The Current Debate: A Cinephile’s Survival Kit to Quarantine

A tentative guide to some of the best festivals, archives, and catalogues offering free films to get you through the isolation.
Leonardo Goi

Above: Jia Zhang-ke's The Visit

While the future of film festivals remains uncertain, a coalition of 20 among the world's leading fests (including Cannes, Venice, and Berlin) have joined forces to create “We Are One,” a new online film festival that will stream some of their films free of charge on YouTube, with optional donations going the World Health Organisation’s COVID-19 relief fund. Scheduled to run May 29 through June 7, “We Are One” may hardly be the future of film festivals, as per Peter Bradshaw at The Guardian, and the event will only feature titles from the partner festivals' previous editions, as Jeremy Kay reports at Screen Daily.

Yet streaming has, for the time being at least, proved crucial in helping the industry stay afloat, and "We Are One" is certainly not the first fest to be rolling out digitally (indeed, a number of platforms—MUBI included—have been running virtual cinemas and online festivals for years now). Nor is this the first initiative to promise free access to its goods. In fact, the amount of films available gratis through digital archives, festivals, and other programs has grown exponentially over the past few weeks, raising a crucial question every quarantined cinephile must grapple with: where does one begin to look? Here’s our own tentative guide.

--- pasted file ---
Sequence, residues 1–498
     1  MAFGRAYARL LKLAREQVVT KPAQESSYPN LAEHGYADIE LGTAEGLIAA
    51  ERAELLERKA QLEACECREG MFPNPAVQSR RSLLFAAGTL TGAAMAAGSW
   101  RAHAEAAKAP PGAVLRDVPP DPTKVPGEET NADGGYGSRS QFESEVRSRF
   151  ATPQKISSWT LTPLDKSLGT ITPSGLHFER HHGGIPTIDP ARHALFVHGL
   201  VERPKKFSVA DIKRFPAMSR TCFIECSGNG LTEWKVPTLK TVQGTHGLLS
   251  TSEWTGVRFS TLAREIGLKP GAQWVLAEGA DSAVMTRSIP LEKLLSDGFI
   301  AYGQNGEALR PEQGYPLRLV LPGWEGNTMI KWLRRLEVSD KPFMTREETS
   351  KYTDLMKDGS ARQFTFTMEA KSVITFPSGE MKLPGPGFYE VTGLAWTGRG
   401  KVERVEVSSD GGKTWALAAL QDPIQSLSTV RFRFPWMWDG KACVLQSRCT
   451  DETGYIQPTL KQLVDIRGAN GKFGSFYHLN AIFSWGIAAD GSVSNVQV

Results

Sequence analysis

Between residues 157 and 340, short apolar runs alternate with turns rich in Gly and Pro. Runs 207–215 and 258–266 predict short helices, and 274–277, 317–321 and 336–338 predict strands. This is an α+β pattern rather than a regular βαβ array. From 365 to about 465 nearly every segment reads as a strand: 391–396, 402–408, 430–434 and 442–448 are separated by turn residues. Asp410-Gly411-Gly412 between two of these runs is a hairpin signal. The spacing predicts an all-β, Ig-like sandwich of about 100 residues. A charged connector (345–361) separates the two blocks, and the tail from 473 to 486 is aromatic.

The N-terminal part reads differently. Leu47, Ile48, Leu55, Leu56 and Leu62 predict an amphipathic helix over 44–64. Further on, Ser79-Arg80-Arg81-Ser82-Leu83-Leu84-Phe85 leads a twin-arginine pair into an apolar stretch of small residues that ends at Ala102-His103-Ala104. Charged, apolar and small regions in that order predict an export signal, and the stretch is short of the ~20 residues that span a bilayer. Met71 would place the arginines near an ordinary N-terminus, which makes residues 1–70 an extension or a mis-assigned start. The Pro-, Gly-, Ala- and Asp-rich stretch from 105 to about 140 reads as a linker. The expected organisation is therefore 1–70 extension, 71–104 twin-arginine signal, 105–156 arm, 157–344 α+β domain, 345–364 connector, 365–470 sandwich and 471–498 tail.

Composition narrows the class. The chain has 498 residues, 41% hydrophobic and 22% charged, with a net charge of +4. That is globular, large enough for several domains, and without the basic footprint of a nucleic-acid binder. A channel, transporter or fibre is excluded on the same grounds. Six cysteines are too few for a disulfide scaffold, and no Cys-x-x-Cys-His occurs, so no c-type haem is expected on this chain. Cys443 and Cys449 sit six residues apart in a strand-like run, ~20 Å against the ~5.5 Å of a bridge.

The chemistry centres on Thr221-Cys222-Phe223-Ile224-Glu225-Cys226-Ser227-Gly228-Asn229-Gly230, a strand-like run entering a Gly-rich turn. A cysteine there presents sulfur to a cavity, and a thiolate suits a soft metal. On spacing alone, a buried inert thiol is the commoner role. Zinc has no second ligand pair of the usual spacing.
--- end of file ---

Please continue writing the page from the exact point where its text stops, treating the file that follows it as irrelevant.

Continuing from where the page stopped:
• Long before “We Are One,” the International Documentary Film Festival Amsterdam (IDFA) has been offering free access to over 300 films released between 1988 and 2019 (including nonfiction works by Victor Kossakovsky and Pawel Pawlikowski).
  • In Greece, the Thessaloniki International Film Festival has commissioned new short films from world-renowned auteurs, and made them available through the fest’s YouTube channel. Tune in to watch quarantine-inspired works from Jia Zhang-ke, Denis Côté, and Radu Jude (among several others). 
  • And in Italy, while Bologna’s Il Cinema Ritrovato hasn’t officially cancelled or postponed its late June rendezvous (yet), each Thursday the festival’s streaming channel “Fuori Sala” offers free films fished from its endless collection of restored classics.